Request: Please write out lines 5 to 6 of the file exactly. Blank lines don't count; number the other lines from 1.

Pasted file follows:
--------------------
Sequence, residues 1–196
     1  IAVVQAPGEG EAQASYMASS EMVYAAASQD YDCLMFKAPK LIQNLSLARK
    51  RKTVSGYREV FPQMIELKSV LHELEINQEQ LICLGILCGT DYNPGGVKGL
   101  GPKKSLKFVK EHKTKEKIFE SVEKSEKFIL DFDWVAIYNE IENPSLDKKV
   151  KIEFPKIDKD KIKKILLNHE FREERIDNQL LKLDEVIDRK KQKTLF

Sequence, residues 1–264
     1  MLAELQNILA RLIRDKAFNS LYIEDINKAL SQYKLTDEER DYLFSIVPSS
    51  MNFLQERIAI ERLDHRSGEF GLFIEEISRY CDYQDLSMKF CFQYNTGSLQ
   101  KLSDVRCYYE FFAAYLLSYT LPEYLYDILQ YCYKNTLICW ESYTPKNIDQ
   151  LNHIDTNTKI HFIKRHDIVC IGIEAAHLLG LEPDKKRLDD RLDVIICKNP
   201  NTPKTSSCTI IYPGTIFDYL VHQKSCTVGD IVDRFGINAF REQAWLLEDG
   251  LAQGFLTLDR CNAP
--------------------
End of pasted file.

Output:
   151  KIEFPKIDKD KIKKILLNHE FREERIDNQL LKLDEVIDRK KQKTLF

Sequence, residues 1–264